DD: Well I’ve known about the power of vibration since I was 4 years old and the gift that came with that was being in tune with the vibrations of the universe and whatever you think about you bring about. The game changer for me was when my grandfather died when I was 12, that’s when I jumped in the music business which makes 32 years being in the music game. I will solely accredit the things I’ve accomplished in this business based on it being all about positive energy, good vibrations.

SO: So where did determination play a factor in your will to make it in the music business?

DD: Like I said I knew at the age of 12 what I wanted to do, so I let nothing or no one take me off of that path. So in 93′ I started producing records with the help of a man by the name of Steven Brown. He was a jazz musician. What happened was, I couldn’t find anyone to make beats for me being that I was from the Boston area. So I learned what I could until eventually I became self contained until the fateful day I met Big Daddy Kane. From there I started producing beats for Digable Planets, Kool Moe Dee, Rakim, LL Cool J and the list goes on.

SO: I know the story , but for those that need to hear this, tell the inspiring story of how you met Big Daddy Kane.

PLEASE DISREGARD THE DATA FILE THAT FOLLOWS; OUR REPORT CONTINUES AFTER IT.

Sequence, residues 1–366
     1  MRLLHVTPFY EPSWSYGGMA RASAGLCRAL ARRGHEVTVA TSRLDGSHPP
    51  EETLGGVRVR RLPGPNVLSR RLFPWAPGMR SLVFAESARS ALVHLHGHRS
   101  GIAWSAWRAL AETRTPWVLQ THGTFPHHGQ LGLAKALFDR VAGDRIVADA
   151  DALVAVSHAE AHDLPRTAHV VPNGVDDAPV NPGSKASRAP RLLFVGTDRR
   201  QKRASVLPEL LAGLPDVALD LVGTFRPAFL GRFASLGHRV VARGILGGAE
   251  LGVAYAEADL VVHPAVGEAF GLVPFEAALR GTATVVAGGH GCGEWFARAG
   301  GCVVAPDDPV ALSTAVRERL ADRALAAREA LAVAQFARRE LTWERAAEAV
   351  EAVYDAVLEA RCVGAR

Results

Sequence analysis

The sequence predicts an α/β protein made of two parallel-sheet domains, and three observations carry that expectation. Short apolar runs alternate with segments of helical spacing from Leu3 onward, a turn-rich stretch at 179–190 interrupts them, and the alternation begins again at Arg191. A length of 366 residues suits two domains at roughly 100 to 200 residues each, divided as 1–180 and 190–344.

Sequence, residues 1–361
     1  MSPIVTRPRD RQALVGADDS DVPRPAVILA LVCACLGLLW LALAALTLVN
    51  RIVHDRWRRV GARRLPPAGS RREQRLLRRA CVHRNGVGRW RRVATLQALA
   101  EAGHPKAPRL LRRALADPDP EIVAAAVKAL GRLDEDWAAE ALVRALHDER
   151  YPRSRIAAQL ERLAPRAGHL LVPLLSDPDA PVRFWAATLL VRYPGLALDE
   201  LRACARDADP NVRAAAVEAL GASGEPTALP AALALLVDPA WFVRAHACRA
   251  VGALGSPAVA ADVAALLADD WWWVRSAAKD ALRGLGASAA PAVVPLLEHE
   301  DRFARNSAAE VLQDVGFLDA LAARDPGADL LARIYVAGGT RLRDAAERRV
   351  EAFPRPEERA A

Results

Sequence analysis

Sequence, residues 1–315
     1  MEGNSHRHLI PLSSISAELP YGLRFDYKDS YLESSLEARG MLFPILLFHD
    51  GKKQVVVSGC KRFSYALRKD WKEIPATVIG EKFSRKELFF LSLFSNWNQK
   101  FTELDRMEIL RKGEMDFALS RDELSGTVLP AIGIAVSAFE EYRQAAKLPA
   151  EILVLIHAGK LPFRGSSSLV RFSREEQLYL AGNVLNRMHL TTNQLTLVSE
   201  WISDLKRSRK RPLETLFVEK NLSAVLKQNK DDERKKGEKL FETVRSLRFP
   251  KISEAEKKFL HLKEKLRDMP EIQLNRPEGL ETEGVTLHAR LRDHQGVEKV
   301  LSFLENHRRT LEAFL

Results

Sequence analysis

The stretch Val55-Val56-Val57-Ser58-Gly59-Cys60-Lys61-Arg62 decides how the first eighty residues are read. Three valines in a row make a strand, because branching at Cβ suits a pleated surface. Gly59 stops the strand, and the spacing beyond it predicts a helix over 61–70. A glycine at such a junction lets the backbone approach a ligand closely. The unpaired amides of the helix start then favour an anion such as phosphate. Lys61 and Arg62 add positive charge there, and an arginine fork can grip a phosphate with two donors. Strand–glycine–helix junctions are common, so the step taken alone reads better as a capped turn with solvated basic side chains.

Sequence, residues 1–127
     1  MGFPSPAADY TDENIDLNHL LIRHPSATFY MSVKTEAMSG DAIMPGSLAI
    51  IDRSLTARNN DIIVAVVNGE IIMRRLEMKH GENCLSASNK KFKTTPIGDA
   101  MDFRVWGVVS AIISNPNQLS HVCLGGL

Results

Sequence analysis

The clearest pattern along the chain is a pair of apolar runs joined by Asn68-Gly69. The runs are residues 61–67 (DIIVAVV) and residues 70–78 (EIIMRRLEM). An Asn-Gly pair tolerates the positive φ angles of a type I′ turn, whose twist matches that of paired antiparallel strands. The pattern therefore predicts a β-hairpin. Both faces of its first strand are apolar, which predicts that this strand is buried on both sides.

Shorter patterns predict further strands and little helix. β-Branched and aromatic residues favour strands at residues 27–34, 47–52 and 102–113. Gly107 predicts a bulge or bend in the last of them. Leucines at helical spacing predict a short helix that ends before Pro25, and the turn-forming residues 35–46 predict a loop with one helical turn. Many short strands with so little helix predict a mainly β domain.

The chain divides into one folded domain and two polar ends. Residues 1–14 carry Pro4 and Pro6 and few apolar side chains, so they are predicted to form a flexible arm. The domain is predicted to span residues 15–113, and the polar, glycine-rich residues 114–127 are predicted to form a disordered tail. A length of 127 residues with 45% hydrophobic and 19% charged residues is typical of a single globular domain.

DD: Ok so I was homeless. My girl kicked me out and I was bouncing from place to place and I was starving. I was starving to the point my homie said I needed to go get some food assistance. I got all the way there and something came over me and I said NO! I’m dope…I’m dope. I went home to make some rice because it’s all I had to eat….as I’m pouring the rice in the pot, a jar from the cabinet falls and breaks into the pot of rice. I pick out the big pieces but mind you the little pieces are still in there, I literally ate glass that night. This sparked not only a fire but a fearlessness in me. About a week later, I went to the Big Daddy Kane concert on a mission to let Kane hear my beats. I tell the security that I’m one of Kane’s dancers. Security wasn’t having it. So as fate would have it, a fight broke out distracting security and so I ran. I didn’t know where I was running to, but I ran right into the back of Big Daddy Kane. I told him what I did and he listened to the beats. While he’s doing this, I can see security coming to get me. And in true Kane cool fashion. He gives this look to say, “Can’t you see he’s with me?” The very next day I’m in the studio with Kane and I’m officially in the music business. But let’s be clear…I’ve been homeless even two other times after that. I’ve made money, lost it, made it again. It was a clear lesson from God to stay humble. The Lord giveth and he taketh away.

SO: You and Jadakiss seem to have a trusting working relationship. How did that come about?